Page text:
(Older recordings with bass extension including the interesting examples wwenze posted upthread may sound better of course.)
 
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steve59

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#47
I remember my first real hifi speakers that I spent a month wages on and they destroyed 75% of my cd collection. Upgrading my realistic 55 wpc receiver brought some harsh down but still it took years for prices of decent sounding cd players to come down to earth and finally a little room treatment. I had different expectations of 'great bass' then also thinking I would get more better bass when in fact the bass disappeared, I mean compared to the typical department store boxes that're +15 at 100hz. I had to learn what music should sound like
 

Blaspheme

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#48
Yes, the BPM is probably averaged.
As a drummer I use that to know if I'm capable of performing it to its full length, if it's too fast, I am going to screw up for lack of control and speed.

Thanks for asking, you forced me to actually read the chart instead of skimming through

The drum bass notes in The Comedown are 1/16th notes
The drum bass notes in Sweet Leaf is are 1/8th notes and then 1/16th notes in some sections (around bar 92)

Here's a quick reference about 1/16th notes
About learning the drums, still a beginner but highly motivated!

KM
Thanks for that. Sixteenth notes. You'd think I'd remember my piano lessons. :)
 

Blaspheme

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#49
I remember my first real hifi speakers that I spent a month wages on and they destroyed 75% of my cd collection. Upgrading my realistic 55 wpc receiver brought some harsh down but still it took years for prices of decent sounding cd players to come down to earth and finally a little room treatment. I had different expectations of 'great bass' then also thinking I would get more better bass when in fact the bass disappeared, I mean compared to the typical department store boxes that're +15 at 100hz. I had to learn what music should sound like
That's a good point. The JBLs in my first stereo (or my dad's, strictly speaking, but I guess he bought it for me as he didn't listen that much) probably had that west coast sound, boosting the mid-bass. As products/production improved, so did my understanding/appreciation.
 

Ken1951

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#50
I'm pretty sure my position is anathema to audiophiles, but all I care about is the song. If it's a song that moves me, it always moves me, no matter what it's played on. Be it in the car, the great room system, the mbr system, or anything else. It's always the song. The Crane Wife 3, Can't Find My Way Home, Missing, Midnight Rider, Seven Bridges Road, White Bird, Solid Air, Hurt, Bonny Swans, Will the Wolf Survive, Into the Wild, Geordie, Guilt, A Tale of Lonely Otter, Pink Moon, Bury My Lovely, All We Do, Last Train Home, Icarus, Gimme Shelter, Avalon, The Way I Feel, Listen Listen, Goodnight Moon, Amul - Priceless, Wild Horses, Urge For Going, Tear In Your Hand, Snow In San Anselmo, and Birdland are just a few such songs. Doesn't matter the source, doesn't matter the playback system. I am always moved.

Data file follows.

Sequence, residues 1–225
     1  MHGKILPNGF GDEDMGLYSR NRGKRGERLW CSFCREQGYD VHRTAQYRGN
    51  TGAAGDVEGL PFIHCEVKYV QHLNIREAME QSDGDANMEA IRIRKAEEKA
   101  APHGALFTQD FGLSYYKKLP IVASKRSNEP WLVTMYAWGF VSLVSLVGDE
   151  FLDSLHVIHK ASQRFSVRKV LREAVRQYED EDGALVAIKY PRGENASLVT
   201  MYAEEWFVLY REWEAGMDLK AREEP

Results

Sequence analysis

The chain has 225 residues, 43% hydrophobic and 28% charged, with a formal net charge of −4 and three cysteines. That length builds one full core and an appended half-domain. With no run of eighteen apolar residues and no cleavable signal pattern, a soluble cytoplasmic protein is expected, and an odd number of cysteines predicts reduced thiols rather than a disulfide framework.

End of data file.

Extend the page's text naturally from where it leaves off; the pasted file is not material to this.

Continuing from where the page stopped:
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#51
I'm pretty sure my position is anathema to audiophiles, but all I care about is the song. If it's a song that moves me, it always moves me, no matter what it's played on. Be it in the car, the great room system, the mbr system, or anything else. It's always the song. The Crane Wife 3, Can't Find My Way Home, Missing, Midnight Rider, Seven Bridges Road, White Bird, Solid Air, Hurt, Bonny Swans, Will the Wolf Survive, Into the Wild, Geordie, Guilt, A Tale of Lonely Otter, Pink Moon, Bury My Lovely, All We Do, Last Train Home, Icarus, Gimme Shelter, Avalon, The Way I Feel, Listen Listen, Goodnight Moon, Amul - Priceless, Wild Horses, Urge For Going, Tear In Your Hand, Snow In San Anselmo, and Birdland are just a few such songs. Doesn't matter the source, doesn't matter the playback system. I am always moved.
this, this is what I want

I want to enjoy music, and enjoy the drums on the songs.

But sometimes my mind drifts into the details and nuances, the clipping, and I start asking myself:

"Is this a bad track? are my headphones distorting? what happened there?"

KM
 

concorde1

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#52
I'm pretty sure my position is anathema to audiophiles, but all I care about is the song. If it's a song that moves me, it always moves me, no matter what it's played on.
I'm an audiophile and I get two simultaneous experiences at once: the smooth sound of the music is contenting, and the "hit"/goosebumps I get when wonderful things happen in the music.
 
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Tks

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#53
In a roundabout way it highlights how needed the work of places like ASR truly is. Apparently half the mixing engineers in the world have hot garbage for studio monitors.

I just try to enjoy the good songs more to compensate.
Or ears

Or just a million things in the chain and all probably garbage performance once the 20th device in the chain imparts its distortion.
 
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#54
Ha! I was listening to E. Power Biggs organ pieces and thought that the Doors' Light My Fire with its organ solo would sound really great. No. Also the famous saxophone solo on "Angel Baby" definitely sounds much better on a vintage 1970s car radio.
I had a version of that album that I think I got from I think itunes that had some pretty nasty crackle that my ATH-A900's weren't revealing, but wasn't present in the hi res version I got from HDtracks, so you might try that.

Oh right, and if you're on headphones you'll want crossfeed for this album. I use the Bauer stereophonic to binaural DSP in foobar for early stereo releases.